Team Rafale has won the $10 billion-plus Indian Medium Multi-Role Combat Aircraft (MMRCA) competition to supply 126 aircraft. The news emerged unofficially from the Indian Ministry of Defence after the Dassault representative was told that the Rafale had finally scored its first export success. The French jet beat the Eurofighter Typhoon in the final MMRCA evaluation round.
Indian MRCA competition
Switzerland has chosen the Saab Gripen as its new fighter aircraft, in preference to the Dassault Rafale or Eurofighter Typhoon. Defense Minister Ueli Maurier told journalists that the Swedish package including 22 jets is worth $3.4 billion.
The saga of the UAE’s new fighter procurement took another turn Wednesday when the Emirates’ top decision-maker on defense contracts described Dassault’s offer for the Rafale as “uncompetitive and unworkable.”
Has the Eurofighter Typhoon really unseated Dassault’s Rafale as the UAE Air Force’s fighter-of-choice for a 60-plane order?
French hopes of an early order for Rafale fighters from the United Arab Emirates Air Force may have been dashed. A British source with knowledge of the requirement has told AIN that the Emiratis will now hold a formal competition, and had just issued a request for proposals (RfP) to the UK government for the Eurofighter Typhoon.
Military aircraft requirements in the Middle East and Asia worth billions of dollars remain unresolved, and will be a major talking point at next week’s Dubai Air Show. Most of the major aerospace companies will have a presence at the show, although the venue is unlikely to provide confirmation of any major order.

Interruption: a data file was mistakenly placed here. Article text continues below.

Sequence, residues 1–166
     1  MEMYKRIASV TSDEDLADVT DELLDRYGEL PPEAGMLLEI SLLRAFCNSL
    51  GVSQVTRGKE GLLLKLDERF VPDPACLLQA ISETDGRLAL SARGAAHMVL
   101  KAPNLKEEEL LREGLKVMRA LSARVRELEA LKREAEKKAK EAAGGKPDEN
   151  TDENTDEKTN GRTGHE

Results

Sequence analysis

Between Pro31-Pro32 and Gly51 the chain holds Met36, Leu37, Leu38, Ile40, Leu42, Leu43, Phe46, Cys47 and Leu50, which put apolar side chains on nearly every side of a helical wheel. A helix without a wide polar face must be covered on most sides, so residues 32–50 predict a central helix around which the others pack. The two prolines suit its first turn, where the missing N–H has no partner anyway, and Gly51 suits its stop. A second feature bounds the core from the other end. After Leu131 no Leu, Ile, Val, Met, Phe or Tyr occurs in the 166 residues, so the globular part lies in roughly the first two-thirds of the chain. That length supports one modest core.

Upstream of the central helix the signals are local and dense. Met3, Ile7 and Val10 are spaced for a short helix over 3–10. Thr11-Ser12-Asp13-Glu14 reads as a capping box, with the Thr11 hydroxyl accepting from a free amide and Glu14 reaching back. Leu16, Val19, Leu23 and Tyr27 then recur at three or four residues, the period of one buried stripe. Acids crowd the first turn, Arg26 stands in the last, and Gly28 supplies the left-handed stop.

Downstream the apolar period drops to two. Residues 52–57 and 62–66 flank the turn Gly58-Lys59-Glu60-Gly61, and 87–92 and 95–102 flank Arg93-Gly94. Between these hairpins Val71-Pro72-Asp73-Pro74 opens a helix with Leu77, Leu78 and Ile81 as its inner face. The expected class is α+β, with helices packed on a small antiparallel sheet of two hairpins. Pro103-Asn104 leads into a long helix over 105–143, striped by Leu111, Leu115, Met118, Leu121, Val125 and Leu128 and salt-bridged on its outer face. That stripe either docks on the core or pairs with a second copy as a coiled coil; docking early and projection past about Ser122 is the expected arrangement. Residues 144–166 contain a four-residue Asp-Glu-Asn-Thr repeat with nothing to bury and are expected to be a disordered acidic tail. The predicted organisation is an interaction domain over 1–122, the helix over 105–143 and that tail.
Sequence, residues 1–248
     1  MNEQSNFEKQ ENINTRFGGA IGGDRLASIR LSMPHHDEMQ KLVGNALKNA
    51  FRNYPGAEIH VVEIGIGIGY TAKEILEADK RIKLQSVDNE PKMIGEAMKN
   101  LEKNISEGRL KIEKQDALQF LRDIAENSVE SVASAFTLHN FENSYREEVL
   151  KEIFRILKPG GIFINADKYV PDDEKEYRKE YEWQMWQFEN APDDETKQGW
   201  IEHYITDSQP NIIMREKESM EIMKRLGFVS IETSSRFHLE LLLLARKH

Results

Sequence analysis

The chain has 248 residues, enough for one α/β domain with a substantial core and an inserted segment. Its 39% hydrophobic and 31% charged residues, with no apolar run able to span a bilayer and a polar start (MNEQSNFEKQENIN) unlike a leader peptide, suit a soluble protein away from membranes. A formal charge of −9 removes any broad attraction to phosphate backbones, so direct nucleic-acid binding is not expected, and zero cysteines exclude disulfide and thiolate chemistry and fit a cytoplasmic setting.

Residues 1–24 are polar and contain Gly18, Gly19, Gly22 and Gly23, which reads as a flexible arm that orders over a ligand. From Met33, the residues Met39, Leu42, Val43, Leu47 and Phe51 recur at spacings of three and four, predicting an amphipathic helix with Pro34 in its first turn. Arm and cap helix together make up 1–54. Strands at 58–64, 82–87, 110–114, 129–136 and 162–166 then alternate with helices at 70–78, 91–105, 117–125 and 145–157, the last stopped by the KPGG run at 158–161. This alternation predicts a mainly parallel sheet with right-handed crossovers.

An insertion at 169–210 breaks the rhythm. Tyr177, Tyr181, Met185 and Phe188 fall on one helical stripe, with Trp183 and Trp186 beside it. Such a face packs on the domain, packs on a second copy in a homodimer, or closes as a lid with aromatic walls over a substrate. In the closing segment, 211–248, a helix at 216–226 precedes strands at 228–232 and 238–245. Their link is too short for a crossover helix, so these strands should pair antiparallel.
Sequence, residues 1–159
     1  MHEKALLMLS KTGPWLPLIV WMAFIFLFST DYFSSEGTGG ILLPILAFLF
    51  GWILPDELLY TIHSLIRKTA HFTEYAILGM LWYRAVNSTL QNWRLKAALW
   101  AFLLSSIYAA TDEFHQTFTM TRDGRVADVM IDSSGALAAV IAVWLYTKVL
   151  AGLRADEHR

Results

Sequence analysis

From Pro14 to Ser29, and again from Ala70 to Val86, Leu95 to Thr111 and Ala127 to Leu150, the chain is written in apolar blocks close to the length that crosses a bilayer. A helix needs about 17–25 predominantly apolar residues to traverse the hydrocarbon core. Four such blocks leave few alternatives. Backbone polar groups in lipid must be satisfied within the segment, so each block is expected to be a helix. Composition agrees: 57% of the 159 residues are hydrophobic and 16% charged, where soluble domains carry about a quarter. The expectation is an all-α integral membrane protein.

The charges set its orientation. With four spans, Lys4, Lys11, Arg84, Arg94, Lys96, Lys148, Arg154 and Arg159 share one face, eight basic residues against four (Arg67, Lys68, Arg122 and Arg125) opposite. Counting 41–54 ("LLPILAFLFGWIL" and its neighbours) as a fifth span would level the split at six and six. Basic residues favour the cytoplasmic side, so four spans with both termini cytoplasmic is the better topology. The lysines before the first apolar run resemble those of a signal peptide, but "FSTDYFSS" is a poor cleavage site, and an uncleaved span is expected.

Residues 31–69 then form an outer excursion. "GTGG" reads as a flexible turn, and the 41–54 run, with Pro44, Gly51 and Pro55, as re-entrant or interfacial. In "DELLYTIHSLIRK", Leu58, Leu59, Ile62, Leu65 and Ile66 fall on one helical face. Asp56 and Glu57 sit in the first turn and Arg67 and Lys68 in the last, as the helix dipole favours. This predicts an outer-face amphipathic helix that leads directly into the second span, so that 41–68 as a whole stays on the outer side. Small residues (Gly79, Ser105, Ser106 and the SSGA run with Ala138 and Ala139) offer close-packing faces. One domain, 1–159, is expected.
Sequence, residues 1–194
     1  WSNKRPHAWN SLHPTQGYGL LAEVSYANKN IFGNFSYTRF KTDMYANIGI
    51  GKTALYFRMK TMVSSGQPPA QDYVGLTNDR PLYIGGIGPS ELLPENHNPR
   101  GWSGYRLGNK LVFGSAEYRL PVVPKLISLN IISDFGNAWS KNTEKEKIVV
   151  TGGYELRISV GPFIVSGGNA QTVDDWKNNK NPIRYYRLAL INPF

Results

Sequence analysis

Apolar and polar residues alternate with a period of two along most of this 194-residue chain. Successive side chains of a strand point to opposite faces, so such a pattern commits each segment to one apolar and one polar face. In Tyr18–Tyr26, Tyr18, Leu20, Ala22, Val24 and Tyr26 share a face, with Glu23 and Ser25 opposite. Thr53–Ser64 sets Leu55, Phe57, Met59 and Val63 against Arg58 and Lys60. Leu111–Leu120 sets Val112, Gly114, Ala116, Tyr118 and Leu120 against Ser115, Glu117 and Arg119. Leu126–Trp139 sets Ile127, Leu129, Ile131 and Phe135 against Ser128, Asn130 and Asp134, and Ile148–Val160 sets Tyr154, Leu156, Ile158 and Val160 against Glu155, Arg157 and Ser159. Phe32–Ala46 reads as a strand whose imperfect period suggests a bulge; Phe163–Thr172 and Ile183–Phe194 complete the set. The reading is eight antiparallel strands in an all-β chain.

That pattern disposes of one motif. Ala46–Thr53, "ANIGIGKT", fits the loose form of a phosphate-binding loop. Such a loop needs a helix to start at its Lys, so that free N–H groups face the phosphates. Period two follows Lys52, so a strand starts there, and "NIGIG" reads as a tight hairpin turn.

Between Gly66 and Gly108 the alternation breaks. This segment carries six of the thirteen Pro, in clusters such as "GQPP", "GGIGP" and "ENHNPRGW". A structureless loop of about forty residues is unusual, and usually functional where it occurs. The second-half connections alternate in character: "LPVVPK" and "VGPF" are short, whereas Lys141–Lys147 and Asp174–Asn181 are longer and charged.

Irkut Corp. reported that Russia and India have reached agreement on the technical specification of the Super 30, a new version of the Sukhoi Su-30MK twinjet with an active electronically scanned array (AESA) radar, replacing the older N-011M Bars radar with its passive electronic scanning antenna.
India confirmed that it will upgrade its 51 Mirage 2000H fighters, and entered final negotiations with Thales, which will act as prime contractor. The long-delayed deal has been controversial in India because of cost, and the 20- to 25-year age of most of the airframes. Thales would not comment on Indian media reports that the contract could be worth $2.4 billion.
The commander of the Indian Air Force (IAF) said that the IAF would likely acquire at least six more Boeing C-17s and another six Lockheed Martin C-130J airlifters. The first two of six C-130Js already ordered by the IAF have been delivered, and the order for an initial 10 C-17s has been finalized, according to ACM P. V. Naik, who was interviewed for the latest edition of India Strategic magazine.